The Assignment: In less than six hundred words, what is the secular character of the lay faithful and how is it related to the universal call to Christian holiness?
The most direct answer, in need of unpacking, is found in Lumen Gentium 31, cited in both CL (repeatedly) and in Aumann’s On the Front Lines (for ex, p. 65).
These faithful are by baptism made one body with Christ and are constituted among the People of God; they are in their own way made sharers in the priestly, prophetical, and kingly functions of Christ; and they carry out for their own part the mission of the whole Christian people in the Church and in the world.
What specifically characterizes the laity is their secular nature… by their very vocation, seek the kingdom of God by engaging in temporal affairs and by ordering them according to the plan of God. They live in the world, that is, in each and in all of the secular professions and occupations. They live in the ordinary circumstances of family and social life, from which the very web of their existence is woven.Lumen Gentium ¶31
The Church has, herself, an “authentic secular dimension” (Pope St Paul VI, cited in CL ¶15) because the whole Church is “in the world but not of it” (John 15:19, John 17:14-16 cited in CL). The lay faithful manifest this dimension in a particular way since they must live and move in the world in their daily lives. This is their “secular character” mentioned in Lumen Gentium.
The Lay Faithful may make Christ known to others, especially by the testimony of a life resplendent in faith, hope and charity. Therefore, since they are tightly bound up in all types of temporal affairs it is their special task to order and to throw light upon these affairs in such a way that they may come into being and then continually increase according to Christ to the praise of the Creator and the Redeemer. (LG 31)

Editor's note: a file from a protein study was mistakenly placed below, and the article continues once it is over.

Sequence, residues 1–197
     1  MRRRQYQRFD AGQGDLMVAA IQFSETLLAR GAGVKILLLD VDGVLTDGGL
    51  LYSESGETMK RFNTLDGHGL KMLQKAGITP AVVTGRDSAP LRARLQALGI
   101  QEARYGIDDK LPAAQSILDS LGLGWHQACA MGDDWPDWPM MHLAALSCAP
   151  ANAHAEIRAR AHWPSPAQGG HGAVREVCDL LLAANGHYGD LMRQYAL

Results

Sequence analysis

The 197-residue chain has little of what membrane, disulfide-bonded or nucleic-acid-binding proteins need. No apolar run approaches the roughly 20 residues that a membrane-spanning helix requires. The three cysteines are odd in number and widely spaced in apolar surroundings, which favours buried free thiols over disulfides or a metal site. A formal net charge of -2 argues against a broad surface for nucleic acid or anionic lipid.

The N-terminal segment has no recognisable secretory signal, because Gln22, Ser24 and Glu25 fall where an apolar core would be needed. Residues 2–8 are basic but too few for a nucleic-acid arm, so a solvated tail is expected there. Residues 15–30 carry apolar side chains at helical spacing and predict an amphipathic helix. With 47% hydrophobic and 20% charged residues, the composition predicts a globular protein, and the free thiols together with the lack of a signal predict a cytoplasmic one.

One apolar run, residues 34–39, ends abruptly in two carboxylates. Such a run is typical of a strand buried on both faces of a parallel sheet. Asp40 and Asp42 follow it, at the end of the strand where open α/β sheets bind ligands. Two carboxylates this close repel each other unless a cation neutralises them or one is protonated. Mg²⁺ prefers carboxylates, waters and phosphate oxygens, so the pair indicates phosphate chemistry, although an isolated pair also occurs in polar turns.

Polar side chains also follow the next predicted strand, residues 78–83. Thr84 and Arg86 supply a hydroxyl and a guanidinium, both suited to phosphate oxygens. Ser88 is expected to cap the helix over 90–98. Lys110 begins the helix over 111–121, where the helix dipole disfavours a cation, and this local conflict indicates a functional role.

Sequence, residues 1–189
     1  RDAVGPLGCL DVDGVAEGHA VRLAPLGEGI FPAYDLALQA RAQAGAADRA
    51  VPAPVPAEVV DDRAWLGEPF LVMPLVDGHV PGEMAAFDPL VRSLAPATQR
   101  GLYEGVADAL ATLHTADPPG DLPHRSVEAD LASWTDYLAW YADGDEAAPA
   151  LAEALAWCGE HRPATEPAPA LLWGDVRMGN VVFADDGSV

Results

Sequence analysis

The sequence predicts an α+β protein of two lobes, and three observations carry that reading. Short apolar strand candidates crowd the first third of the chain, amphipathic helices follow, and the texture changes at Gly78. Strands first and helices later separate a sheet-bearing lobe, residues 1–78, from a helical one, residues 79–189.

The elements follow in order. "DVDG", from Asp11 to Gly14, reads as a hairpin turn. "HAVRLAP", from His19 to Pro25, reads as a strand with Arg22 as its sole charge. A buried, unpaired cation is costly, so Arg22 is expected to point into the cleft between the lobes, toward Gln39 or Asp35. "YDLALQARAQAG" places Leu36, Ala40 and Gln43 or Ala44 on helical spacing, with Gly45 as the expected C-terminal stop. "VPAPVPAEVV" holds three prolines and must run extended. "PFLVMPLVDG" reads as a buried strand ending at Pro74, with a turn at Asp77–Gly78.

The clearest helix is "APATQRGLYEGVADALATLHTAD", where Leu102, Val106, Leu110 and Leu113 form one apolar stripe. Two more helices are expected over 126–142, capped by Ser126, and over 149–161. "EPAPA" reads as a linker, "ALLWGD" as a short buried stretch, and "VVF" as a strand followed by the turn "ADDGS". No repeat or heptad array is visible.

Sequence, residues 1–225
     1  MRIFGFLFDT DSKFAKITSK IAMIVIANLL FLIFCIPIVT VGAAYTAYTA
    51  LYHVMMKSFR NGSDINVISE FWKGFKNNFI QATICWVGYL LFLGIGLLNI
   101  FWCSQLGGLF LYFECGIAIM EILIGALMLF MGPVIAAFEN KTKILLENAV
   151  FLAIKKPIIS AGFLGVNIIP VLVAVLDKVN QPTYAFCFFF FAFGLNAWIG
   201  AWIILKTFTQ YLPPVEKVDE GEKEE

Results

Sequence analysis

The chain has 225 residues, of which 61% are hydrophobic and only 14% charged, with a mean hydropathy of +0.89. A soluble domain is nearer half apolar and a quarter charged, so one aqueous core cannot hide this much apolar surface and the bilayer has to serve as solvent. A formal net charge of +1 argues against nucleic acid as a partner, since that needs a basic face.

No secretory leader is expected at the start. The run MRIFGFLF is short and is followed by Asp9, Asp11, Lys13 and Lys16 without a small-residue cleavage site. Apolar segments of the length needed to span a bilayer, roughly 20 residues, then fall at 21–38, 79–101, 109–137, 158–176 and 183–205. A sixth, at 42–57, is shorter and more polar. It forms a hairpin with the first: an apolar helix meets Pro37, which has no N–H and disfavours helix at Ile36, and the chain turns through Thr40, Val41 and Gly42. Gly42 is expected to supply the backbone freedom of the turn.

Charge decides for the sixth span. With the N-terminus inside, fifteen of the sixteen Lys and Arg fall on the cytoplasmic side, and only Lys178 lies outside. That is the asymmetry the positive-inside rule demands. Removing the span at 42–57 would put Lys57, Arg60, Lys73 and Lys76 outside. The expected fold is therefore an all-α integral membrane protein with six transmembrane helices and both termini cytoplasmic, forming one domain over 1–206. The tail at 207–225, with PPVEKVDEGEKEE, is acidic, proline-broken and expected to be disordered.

There is, within the Church, a particular way in which we are called to holiness, rooted in our baptism, this call is universal – directed to all people who are called to this communion in Christ. It is an act of evangelism to call those outside the Church to holiness. Pope St John Paul spends much of CL expanding on the idea of making the world reflect the kingdom of God in our homes, in the works of mercy, and in our professions.
St Paul urges us, “Whatever your task, work heartily, as serving the Lord and not men…you are serving the Lord Christ.” (Col 3:23-24 RSVCE) The mystic, Gabriel Bossis, says to Our Lord “I’m weeding so that you may come and walk on the terrace.” (He and I, p 131)
In the Byzantine Liturgy, the Deacon moves back and forth from the altar, behind the icon screen, to the nave of the church, in front of the screen. From there he directs and gives voice to the prayers of the people, drawing their attention towards the Holy Place where God is sacramentally enthroned. The Lay Faithful are called to perform the same function in a larger liturgy, moving between the Church and the World, stitching them together, calling the world’s attention to the Gospel. The lay faithful are invited to make all situations within society direct towards this call to holiness. This illumination and ordering of all things and growing “according to Christ” is the universal call to holiness in action: it does not stop at the “edge” of the Church for this call is truly universal, both inside and outside of the Church.
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